Adverse reactions should be reported to the Vaccine Adverse Event Reporting System . Your health care provider will usually file this report, or you can do it yourself. Visit the VAERS website at www.vaers.hhs.gov or call 1-800-822-7967. VAERS is only for reporting reactions, and VAERS staff members do not give medical advice.
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Meningitis Vaccine And Adults: Expert Q& a
Who needs the meningitis vaccine and when.
Meningitis is usually caused by an infection that attacks the membranes covering the brain and spinal cord. The most serious types of meningitis can result in brain damage or even death.
Most parents know children should be vaccinated against meningitis before they go to college, where the crowded, sometimes less-than-sanitary dorm life makes it easier to spread meningitis bacteria through respiratory and throat secretions.
Young adults entering the military need the vaccine for the same reason. Certain other adults may need it, too.
William Schaffner, MD, president of the National Foundation for Infectious Diseases and a professor in Vanderbilt University School of Medicineâs infectious diseases division and chair of the schoolâs department of preventive medicine, discussed this vaccine with WebMD.
Menacwy Vaccination Of Younger Children And Adults At Increased Risk
In certain situations, younger children and adults should receive MenACWY vaccines. Some people are at increased risk for serogroup A, C, W, or Y meningococcal disease due to
- Having certain medical conditions
Those who remain at increased risk need regular booster doses.
- For children under the age of 7 years, administer a booster dose 3 years after completion of the primary series and every 5 years thereafter.
- For children 7 years old or older and adults, administer a booster dose 5 years after completion of the primary series and every 5 years thereafter.
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Is Meningococcal Disease Serious
Meningococcal meningitis and bloodstream infections can be very serious, even deadly. The infections progress quickly. Someone can go from being healthy to very ill in 48 hours or less. Even if they get treatment, about 10 to 15 out of 100 people with meningococcal disease will die from it. Long-term disabilities from having meningococcal disease include loss of limbs, deafness, nervous system problems, and brain damage.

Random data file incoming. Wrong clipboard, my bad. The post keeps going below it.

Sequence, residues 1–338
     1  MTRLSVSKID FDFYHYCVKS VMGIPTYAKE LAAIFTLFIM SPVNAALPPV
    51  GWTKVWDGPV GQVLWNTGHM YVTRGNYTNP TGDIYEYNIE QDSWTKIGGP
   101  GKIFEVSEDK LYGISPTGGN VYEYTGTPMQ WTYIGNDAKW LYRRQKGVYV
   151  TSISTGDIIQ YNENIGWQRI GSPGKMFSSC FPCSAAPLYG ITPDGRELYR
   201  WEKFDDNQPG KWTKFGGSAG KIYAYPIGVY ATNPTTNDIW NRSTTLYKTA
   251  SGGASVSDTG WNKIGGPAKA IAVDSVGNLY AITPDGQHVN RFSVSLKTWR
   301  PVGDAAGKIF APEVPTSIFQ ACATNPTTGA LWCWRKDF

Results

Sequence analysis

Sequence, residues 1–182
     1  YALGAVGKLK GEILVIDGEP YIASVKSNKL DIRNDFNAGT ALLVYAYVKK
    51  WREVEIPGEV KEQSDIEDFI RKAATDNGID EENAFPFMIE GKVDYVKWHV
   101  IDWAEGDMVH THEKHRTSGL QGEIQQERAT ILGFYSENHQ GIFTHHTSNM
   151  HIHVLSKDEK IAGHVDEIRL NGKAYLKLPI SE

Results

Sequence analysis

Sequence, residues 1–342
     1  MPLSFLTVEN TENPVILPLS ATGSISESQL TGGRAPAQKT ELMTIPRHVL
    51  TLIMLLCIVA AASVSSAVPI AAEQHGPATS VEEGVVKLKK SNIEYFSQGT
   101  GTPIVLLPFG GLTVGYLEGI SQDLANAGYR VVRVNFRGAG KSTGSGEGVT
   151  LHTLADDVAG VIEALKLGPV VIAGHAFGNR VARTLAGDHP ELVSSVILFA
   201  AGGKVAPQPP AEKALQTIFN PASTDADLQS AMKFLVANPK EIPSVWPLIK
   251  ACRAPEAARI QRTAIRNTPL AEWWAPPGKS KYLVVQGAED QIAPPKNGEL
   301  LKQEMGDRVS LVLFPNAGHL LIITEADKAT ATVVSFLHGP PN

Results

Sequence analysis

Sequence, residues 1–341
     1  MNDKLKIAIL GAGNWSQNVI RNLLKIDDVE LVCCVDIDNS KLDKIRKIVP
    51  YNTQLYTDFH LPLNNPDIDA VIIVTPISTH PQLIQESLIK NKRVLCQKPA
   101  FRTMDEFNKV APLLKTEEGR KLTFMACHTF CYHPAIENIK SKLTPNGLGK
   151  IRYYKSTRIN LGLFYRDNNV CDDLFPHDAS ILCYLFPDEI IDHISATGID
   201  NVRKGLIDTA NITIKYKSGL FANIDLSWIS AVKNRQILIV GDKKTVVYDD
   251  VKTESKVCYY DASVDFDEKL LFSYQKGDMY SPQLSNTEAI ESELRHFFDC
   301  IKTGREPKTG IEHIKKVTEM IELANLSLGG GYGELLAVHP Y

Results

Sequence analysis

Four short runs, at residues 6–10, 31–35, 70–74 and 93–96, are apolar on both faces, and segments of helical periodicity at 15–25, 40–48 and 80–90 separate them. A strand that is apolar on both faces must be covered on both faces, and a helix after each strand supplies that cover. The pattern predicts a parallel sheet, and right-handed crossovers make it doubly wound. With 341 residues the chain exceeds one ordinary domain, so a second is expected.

Is It Too Late To Get Vaccinated
The answer to this question isnt so clear-cut. If you have an unvaccinated teen headed off to college, there is still time for them to get their vaccines. Your child may also need another shot if they had the vaccine as a preteen. Meningitis vaccines are thought to only last for about five years, according to the Center for Young Womens Health.
Adults can also get the meningitis vaccine if their doctors recommend it. Certain situations can warrant the use of meningitis vaccinations. Examples include spleen removal, going to military camp, or traveling overseas.
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Common And Local Adverse Events
Conjugate meningococcal vaccines
Injection site reactions occur in up to 59% of vaccinees. Fever is reported in up to 5% of recipients and systemic reactions, such as headache and malaise, are reported in up to 60% of recipients.
Mild reactions, including injection site reactions , occur in up to 50% of vaccine recipients. Irritability occurs in up to 80% of infants and fever in up to 9% when other vaccines were administered. Headaches and malaise occur in up to 10% of older children and adults. These reactions last no more than a few days.
Serogroup B Meningococcal vaccines
Solicited local and systemic reactions have been commonly reported in clinical trials and include injection site tenderness, induration, sleepiness and irritability. Higher rates of fever have been observed with simultaneous administration of 4CMenB vaccine and routine infant vaccines therefore, routine prophylactic administration of acetaminophen or separating 4CMenB vaccination from routine vaccination schedule has been proposed for preventing fever in infants and children up to three years of age.
Solicited local and systemic reactions have been commonly reported in clinical trials and include injection site tenderness, induration and irritability.